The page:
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  • Dangerous Liaisons (1988) [BluRay] [1080p] [YTS.AM]
  • 1.9 GB
  • FREEMAN
  • Dangerous Liaisons 1988 BluRay 1080p YTS
  • English
  • 1080p
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Dangerous Liaisons (1988)

  • Drama Romance
  • In 18th century France, Marquise de Merteuil asks her ex-lover Vicomte de Valmont to seduce the future wife of another ex-lover of hers in return for one last night with her. Yet things don’t go as planned.

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    English
  • $14,000,000
  • Description

    In 18th century France, the Marquise de Merteuil and the Vicomte de Valmont play a dangerous game of seduction. Valmont is someone who measures success by the number of his conquests and Merteuil challenges him to seduce the soon to be married Cecile de Volanges and provide proof in writing of his success. His reward for doing so will be to spend the night with Merteuil. He has little difficulty seducing Cecile but what he really wants is to seduce Madame de Tourvel. When Merteuil learns that he has actually fallen in love with her, she refuses to let him claim his reward for seducing Cecile. Death soon follows.

    IMDB: http://www.imdb.com/title/tt0094947/

    Dangerous Liaisons (1988) download

    Dangerous Liaisons (1988) download

    Dangerous Liaisons (1988) download


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    Reviews

    Comments

    9 months ago

    You wouldn't necessarily think that an adaptation of an albeit famous 17th century French novel would make a relevant and fascinating piece of cinema... but it does.The first thing that strikes you is how well the film is lit and shot. The period locations and costumes are visually sumptuous and perfect. Better yet, the acting entirely matches the skill of the direction that takes its method from the theatre - emotions are conveyed by expression and not dialogue. Glenn Close gives her best performance on celluloid as the scheming Madame de Merteuil, amorally hellbent on bending everyone to her will, no matter the method or the cost, and John Malkovitch is her perfect foil as the cynical hedonistic but world-weary Valmont. Michelle Pfeiffer engages our empathy as the tortured and manipulated target of Malkovitch's desire and Close's plotting.The film is basically a morality tale, but one that fascinates in its exposure of ego, vanity, intrigue and the war between the genders, subjects that are timeless in their relevance, despite the period setting. The storyline, which sticks faithfully to the original novel, remains compelling throughout as we watch deceits within deceits take their tragic course. Whole-heartedly recommended - take your time over it, and enjoy.

    9 months ago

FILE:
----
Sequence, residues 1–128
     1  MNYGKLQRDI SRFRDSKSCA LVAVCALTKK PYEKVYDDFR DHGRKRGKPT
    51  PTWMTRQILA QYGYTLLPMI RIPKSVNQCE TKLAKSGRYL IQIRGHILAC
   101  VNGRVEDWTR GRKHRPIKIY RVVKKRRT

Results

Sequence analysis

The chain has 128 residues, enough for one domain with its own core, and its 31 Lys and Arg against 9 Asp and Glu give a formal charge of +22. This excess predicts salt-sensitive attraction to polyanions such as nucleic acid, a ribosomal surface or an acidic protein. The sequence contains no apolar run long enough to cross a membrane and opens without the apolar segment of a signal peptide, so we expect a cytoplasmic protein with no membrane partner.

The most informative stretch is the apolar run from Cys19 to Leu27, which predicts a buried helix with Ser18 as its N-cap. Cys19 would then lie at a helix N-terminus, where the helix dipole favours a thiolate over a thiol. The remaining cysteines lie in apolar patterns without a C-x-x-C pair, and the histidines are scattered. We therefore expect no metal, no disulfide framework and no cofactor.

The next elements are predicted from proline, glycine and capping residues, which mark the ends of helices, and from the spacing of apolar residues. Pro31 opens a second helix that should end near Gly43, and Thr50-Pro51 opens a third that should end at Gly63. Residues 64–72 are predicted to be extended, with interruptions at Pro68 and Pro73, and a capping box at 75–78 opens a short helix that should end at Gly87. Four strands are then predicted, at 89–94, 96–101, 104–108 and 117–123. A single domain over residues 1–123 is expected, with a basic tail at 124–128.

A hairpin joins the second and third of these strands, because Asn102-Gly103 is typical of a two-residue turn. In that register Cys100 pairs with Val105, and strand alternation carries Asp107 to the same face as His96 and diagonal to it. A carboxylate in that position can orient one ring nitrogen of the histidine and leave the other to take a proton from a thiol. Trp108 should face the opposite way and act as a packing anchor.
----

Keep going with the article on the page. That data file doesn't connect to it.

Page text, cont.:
"Dangerous Liaisons" is this incredible movie that is so under rated. It's the battle of the sexes and this book was written over 200 years ago! I love to know that there was this same problem that we still have to this day. That's why enjoyed "Dangerous Liaisons" so much because it proves that we have so many differences from the opposite sexes. Men are usually expected to have sex and with a few clever words destroy women's reputations in minutes, while women have to be careful of sleeping with whom, because it's considered shameful.Glenn Close plays Marquise Isabelle de Merteuil, a proper lady with a secretive double life of sex and wishing to destroy a girl's reputation for revenge on her ex for dumping her for this young lady. She also makes a bet with her closest friend, Vicomte Sébastien de Valmont played by John Malkovich, that he could not bed a lady of such high stature and morals, in return if he succeeds, he will finally have the conquest he's been dreaming of, bedding Marquise Isabelle. I don't care what people say, this was Glenn's best performance and she was so brilliant. Her speech of "Dominate your sex and avenge my own" was perfect and as a woman I rooted for her in the story. She is a tragic figure that was over looked by many as just another slut. Glenn had my sympathy and I agreed with a lot of her dialog.John as Valmont was absolutely perfect, he's not that sexy looking but has such charm and charisma on the screen you believe him as a lady's man. "It's beyond my control", he repeats this several times throughout the film and it becomes more darker each and every time he says it to Michelle's character. He does the Marquise a favor of bedding young Cecile to help the Marquise's plan of revenge and does such a good job. It was almost too easy for him, but he has a more difficult task of bedding Madame Marie de Tourvel who is married and has very high morals and standards of God and love. He falls in love with her in the process of getting to know her and is so believable, you can see how it breaks his heart to break her's. But he feels he must stand by his reputation and your own heart goes out to him despite his cruel manors as a "man".Michelle Pfeiffer as Marie de Tourvel is so beautiful and elegant and is the only one who knows of Valmont's true side. But she cannot help but fall for his charm and love for her, when she talks to his aunt, this is one of the most true speeches ever in cinema that all women can relate too "I'm sorry to say this but those who are most worthy of love are never made happy by it. Do you still think men love the way we do? No... men enjoy the happiness they feel. We can only enjoy the happiness we give. They are not capable of devoting themselves exclusively to one person. So to hope to be made happy by love is a certain cause of grief." That is so incredibly and painfully true that Marie knows better but can't help but give herself to Valmont.Swoosie Kurtz, Uma Thurman, and Mildred Natwick are all so exceptional and amazing as well in the film. They truly bring the story to life and keep it going with their dialog and actions. Keanu? Shudder, his acting is like... how do I put this delicately? I think it's... wood. :) Otherwise, trust me this is one of the best movies of all time. This deserves higher than a 7.6 and should be in the top 250. But it's beyond my control. :D 10/10